Millions of workers who lost their jobs last year were hit doubly hard because they had no emergency savings to help them through the pandemic.
The percentage of Americans who said they have no emergency funds has grown to 25%, up from 21% in March 2020, according to a June Bankrate.com survey. Low-income households, which have little ability to save, were particularly hurt.
The pandemic wiped out nearly 22 million jobs nationwide, most of them in the low-wage retail, tourism and hospitality sectors.
"The pandemic has really opened many people's eyes," said Brandy Marion, Institutional Wealth education manager at BOK Financial®. "We never thought anything like this would happen. But now, it's important to learn from the experience.
"If something comes up and you don't have an emergency fund, you're going to make bad decisions," she said. "If you load up the credit card, you'll pay high interest rates. If you take money from your retirement fund, you'll pay penalties and be further from your retirement goal."
How much do you need?
While experts often suggest having six-to-nine months of expenses on hand, that may not be realistic. More than half of Americans report having less than three months of expenses saved in an emergency fund, according to the Bankrate survey.
Marion encourages workers to consider how long it typically takes to get a new job in their field. "If it typically takes you 90 days to find a new job, aim to have three to four months of savings on hand."
And make sure you're focusing your fund on emergencies, she said. It's not vacation savings.
Where to start: Reduce your debt
Marion regularly hears hard-pressed consumers say they can't save because they are struggling to pay off debt.
"If you can't repay debt, then you can't save for an emergency," Marion said.
American household debt jumped $313 billion, or 2.1%, in the second quarter, to just shy of $15 trillion, according to the Federal Reserve. That's the largest percentage increase in more than seven years.
The largest portion of that jump was due to new mortgages during the period of rising housing prices and relatively low interest rates. But credit card balances also increased by $17 billion.
Starting with debt repayment will allow you to feel more in control of your finances, but how do you make a dent? Start with achievable goals, Marion recommends, and understand it will take time to pay it off.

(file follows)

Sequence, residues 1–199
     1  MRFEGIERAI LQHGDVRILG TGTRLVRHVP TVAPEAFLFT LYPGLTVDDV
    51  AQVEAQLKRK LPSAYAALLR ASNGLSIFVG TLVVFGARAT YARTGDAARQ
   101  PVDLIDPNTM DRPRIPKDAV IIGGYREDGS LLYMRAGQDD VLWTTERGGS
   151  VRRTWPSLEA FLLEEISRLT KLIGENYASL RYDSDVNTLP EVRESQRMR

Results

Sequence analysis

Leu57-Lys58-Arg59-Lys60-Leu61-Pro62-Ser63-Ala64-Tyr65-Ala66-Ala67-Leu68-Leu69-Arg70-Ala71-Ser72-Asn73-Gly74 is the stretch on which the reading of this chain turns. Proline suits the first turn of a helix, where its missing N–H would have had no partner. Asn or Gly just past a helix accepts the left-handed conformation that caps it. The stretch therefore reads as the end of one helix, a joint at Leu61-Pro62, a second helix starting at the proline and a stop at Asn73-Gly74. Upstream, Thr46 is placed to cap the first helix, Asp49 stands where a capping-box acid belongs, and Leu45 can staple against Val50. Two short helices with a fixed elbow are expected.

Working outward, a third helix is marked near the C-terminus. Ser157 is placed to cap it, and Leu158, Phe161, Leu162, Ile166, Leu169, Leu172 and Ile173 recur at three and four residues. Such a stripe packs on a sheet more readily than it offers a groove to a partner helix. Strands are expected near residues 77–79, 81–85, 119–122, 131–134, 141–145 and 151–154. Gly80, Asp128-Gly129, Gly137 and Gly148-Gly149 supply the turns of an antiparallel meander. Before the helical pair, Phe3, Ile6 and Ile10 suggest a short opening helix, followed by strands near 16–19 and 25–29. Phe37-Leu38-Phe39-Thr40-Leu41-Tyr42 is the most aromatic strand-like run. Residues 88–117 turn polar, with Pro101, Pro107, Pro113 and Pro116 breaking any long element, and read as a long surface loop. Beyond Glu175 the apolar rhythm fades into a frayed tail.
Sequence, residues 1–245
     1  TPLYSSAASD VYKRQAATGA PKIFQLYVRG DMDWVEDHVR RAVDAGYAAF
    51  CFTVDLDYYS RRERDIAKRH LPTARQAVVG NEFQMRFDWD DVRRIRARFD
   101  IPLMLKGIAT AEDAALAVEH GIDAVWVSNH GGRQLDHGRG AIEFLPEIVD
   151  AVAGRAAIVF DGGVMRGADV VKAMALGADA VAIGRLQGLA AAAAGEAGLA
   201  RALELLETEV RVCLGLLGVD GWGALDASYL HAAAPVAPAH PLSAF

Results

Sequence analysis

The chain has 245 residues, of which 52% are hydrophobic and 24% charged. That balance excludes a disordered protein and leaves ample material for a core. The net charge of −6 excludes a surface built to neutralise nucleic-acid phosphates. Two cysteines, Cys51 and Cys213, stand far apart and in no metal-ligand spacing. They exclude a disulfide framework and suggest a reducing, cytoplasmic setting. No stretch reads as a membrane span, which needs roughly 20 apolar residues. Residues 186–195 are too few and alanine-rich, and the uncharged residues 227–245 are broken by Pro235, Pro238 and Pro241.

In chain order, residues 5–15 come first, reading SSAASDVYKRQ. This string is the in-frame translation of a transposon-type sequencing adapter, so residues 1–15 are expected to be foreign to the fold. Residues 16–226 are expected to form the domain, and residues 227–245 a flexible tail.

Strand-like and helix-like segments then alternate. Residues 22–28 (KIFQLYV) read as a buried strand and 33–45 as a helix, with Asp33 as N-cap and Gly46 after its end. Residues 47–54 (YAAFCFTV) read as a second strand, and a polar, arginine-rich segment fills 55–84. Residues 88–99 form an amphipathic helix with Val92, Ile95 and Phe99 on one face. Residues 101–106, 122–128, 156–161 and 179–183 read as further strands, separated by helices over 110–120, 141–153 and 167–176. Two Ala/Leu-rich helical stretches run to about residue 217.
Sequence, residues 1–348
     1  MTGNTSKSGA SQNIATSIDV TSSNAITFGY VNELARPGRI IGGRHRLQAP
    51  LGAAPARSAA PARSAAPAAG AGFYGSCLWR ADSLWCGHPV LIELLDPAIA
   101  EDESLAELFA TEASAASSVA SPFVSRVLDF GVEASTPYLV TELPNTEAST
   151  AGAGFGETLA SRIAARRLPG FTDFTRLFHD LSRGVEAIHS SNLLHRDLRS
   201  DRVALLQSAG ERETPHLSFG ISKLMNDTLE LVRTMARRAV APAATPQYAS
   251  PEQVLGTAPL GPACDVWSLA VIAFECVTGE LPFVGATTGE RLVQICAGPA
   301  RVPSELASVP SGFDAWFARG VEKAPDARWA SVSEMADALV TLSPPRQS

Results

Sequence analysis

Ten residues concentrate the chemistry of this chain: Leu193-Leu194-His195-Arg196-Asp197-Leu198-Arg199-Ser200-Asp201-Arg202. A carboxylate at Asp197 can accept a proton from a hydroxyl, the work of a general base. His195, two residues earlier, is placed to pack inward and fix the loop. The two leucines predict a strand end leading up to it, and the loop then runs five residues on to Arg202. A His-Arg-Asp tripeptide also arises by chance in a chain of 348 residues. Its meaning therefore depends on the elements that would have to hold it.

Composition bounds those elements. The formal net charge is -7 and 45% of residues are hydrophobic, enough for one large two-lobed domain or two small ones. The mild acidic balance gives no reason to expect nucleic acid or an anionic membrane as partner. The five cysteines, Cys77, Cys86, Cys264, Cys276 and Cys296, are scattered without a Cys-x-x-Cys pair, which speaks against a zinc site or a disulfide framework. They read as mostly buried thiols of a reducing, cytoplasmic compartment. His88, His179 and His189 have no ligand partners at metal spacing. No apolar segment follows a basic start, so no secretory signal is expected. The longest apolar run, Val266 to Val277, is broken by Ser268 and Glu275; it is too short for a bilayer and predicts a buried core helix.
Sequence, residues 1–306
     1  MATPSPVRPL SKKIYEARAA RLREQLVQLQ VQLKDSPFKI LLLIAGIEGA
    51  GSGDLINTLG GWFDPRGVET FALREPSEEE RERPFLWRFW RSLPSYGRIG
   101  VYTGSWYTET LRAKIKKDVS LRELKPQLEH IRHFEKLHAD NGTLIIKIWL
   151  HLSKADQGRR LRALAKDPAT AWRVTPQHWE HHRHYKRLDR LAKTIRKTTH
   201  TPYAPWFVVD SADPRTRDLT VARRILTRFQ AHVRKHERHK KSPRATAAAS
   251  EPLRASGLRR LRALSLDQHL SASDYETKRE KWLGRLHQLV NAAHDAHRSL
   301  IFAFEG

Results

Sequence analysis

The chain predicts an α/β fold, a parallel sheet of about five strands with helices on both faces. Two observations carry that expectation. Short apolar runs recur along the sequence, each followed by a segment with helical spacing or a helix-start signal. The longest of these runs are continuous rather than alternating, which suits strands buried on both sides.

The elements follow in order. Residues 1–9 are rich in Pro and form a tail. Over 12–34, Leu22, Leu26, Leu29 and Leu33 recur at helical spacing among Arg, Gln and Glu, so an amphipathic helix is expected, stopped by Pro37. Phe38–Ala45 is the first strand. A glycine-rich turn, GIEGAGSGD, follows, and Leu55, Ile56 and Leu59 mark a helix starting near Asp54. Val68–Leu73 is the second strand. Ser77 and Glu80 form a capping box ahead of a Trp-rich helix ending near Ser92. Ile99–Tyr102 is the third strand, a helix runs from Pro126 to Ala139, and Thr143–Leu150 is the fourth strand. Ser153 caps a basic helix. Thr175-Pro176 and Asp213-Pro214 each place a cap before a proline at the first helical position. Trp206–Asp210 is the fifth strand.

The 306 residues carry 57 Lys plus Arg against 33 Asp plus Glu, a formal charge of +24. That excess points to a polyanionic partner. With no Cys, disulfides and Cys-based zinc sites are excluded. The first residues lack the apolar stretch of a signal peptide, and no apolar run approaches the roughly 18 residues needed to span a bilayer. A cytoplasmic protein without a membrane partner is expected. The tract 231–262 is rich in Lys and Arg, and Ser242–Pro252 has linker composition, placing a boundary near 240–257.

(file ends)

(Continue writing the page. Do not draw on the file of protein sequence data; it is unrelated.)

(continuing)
"I always suggest using an auto payment when possible," Marion said. "If you can't see that money, you won't miss it and you'll always make your payment on time."
Then, she recommends creating a three-year plan and asking yourself some questions:
- What's your target date for paying down the debt?
- What monthly payment do you need to get your debt to zero?
- How can you automate the process to keep yourself on track?
In addition, consider using an emergency fund calculator to determine how much to target for your savings goal.
Next Step: Budget
Once your debt repayment plan is in place, begin to build your emergency fund.
If saving several months of expenses feels overwhelming, Marion says the key is to start small. "It's like weightlifting—you're not going to start with 500 pounds, but you can start with five and build from there."
She recommends going back to the basics with a 50/30/20 budget—50% to must-haves, 20% to debt repayment (including your emergency fund) and 30% toward wants.
Put your emergency money in a separate account that you can get to but don't touch. Even starting with a $25 auto-deposit into a savings account from every paycheck, Marion says. While it doesn't seem like a lot, it adds up.
"Having an accessible account to cover the unexpected expenses just makes everything easier," Marion said. "In the end, if you're 75 and have an extra $5,000 savings account, you probably won't be upset."
If another emergency forces you to tap the money, then what? Start saving again.